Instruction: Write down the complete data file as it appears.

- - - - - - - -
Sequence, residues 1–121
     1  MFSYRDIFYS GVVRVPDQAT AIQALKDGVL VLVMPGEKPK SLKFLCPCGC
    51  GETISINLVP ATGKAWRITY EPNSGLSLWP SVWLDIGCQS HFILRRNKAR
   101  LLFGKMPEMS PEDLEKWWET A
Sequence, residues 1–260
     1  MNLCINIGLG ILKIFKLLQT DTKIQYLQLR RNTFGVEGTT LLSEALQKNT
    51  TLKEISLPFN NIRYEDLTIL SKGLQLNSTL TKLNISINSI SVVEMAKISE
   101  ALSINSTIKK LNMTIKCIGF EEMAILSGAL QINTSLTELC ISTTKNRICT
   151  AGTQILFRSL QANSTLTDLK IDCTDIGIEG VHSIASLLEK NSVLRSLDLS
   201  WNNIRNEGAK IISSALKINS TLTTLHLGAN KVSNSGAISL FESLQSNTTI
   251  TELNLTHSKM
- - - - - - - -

Sequence, residues 1–121
     1  MFSYRDIFYS GVVRVPDQAT AIQALKDGVL VLVMPGEKPK SLKFLCPCGC
    51  GETISINLVP ATGKAWRITY EPNSGLSLWP SVWLDIGCQS HFILRRNKAR
   101  LLFGKMPEMS PEDLEKWWET A
Sequence, residues 1–260
     1  MNLCINIGLG ILKIFKLLQT DTKIQYLQLR RNTFGVEGTT LLSEALQKNT
    51  TLKEISLPFN NIRYEDLTIL SKGLQLNSTL TKLNISINSI SVVEMAKISE
   101  ALSINSTIKK LNMTIKCIGF EEMAILSGAL QINTSLTELC ISTTKNRICT
   151  AGTQILFRSL QANSTLTDLK IDCTDIGIEG VHSIASLLEK NSVLRSLDLS
   201  WNNIRNEGAK IISSALKINS TLTTLHLGAN KVSNSGAISL FESLQSNTTI
   251  TELNLTHSKM